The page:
There has been a sharp increase in IS attacks against Hazara people, a minority. IS attacks on minorities ensued, including one on a Sikh place of worship in Kabul in July 2022. (“Taliban rule in Afghanistan, one year on: ‘Women don’t want to stay here’ – photo essay”, www.theguardian.com)
While refuting the allegations that the Taliban were persecuting various ethnic groups, Taliban leader Anas Haqqani said in an interview:
“There is no truth to the allegations of the oppression of the Hazaras by the current government.” (“DER SPIEGEL Interview with Taliban Leader Anas Haqqani”, www.spiegel.de)
Who is to blame for Afghanistan’s current situation?
A major cause for the post-withdrawal economic crisis in Afghanistan is the freezing of billions of Afghan assets abroad, and the termination of foreign aid, on which the country was dependent during the past two decades.
In this regard, Human Rights Watch stated:
“The abrupt cuts of World Bank programs caused a massive drop in purchasing power across the country and had major impacts on both household and macroeconomic levels. Even if humanitarian groups are able in the future to increase food and cash distributions, they cannot make up for the impact of these cuts. At the World Bank, the US government used its dominant position on the board to revoke the Central Bank’s credentials, blocking the bank from receiving any World Bank assets, grants, or assistance.” (“Economic Causes of Afghanistan’s Humanitarian Crisis”, www.hrw.org)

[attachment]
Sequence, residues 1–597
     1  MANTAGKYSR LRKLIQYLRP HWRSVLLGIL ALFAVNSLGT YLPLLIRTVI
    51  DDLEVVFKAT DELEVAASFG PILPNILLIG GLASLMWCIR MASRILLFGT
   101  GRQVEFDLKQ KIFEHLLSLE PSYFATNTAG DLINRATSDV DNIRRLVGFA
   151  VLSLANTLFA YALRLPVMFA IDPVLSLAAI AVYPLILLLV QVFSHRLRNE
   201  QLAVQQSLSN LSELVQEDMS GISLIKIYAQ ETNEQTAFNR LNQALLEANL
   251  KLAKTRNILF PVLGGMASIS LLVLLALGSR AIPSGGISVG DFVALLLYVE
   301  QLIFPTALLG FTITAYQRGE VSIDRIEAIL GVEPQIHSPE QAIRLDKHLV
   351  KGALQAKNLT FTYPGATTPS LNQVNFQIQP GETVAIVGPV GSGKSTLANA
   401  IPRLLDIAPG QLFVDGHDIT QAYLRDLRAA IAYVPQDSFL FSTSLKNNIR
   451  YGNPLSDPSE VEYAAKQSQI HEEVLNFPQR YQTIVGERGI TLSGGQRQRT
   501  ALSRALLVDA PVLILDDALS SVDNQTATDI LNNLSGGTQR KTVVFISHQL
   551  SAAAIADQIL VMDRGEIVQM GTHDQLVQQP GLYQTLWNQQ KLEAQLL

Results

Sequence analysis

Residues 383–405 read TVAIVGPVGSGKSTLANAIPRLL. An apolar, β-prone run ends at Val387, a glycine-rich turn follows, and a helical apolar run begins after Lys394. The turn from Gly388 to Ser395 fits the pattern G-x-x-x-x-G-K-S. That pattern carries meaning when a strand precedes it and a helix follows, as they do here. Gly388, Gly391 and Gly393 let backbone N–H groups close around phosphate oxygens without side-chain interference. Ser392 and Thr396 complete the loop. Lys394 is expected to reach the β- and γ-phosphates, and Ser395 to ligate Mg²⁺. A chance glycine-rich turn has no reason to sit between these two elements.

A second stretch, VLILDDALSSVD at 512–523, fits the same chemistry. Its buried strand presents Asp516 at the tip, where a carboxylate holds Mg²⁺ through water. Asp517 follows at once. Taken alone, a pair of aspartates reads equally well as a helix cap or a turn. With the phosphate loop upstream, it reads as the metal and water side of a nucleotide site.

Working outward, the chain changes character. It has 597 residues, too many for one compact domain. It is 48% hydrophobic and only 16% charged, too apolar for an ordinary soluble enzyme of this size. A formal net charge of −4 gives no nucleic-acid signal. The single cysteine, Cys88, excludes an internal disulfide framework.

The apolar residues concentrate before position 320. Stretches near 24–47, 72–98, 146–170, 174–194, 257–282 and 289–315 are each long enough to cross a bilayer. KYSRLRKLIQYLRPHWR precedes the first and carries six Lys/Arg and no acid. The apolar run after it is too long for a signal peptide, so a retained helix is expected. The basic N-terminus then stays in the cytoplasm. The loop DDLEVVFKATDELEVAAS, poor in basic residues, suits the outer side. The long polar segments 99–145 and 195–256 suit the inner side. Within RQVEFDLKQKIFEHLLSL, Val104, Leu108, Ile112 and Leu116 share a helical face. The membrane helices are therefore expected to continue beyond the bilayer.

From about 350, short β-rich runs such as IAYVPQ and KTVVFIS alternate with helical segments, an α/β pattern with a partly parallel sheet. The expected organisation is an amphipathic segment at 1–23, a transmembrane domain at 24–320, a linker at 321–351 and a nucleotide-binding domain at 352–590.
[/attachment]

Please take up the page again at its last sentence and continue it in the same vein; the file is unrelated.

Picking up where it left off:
According to the latest statements, the Biden administration does not plan to release billions of dollars of Afghan government assets held by the country’s central bank anytime soon. (“Biden administration does not plan to release frozen Afghan assets soon over concerns they may be diverted to terror groups”, https://edition.cnn.com/)
The question is, if the US could fund the so-called mujahideen – later to be known as al-Qaeda and Taliban – against the Soviets, then why can’t they grant aid or unfreeze the Afghan assets for the well-being of the people of Afghanistan who are waiting for the world to help them in this crisis.
The West had a huge responsibility, considering the fact that they themselves had played a big role in bringing Afghanistan to this point.
The ground reality is that the Afghan budget is in deficit, assets are frozen abroad, the world is unwilling to recognize the new Taliban government, and foreign aid has also been terminated since the change of power. Whereas, the West is expecting the Taliban government to run the country in a satisfactory manner. But how?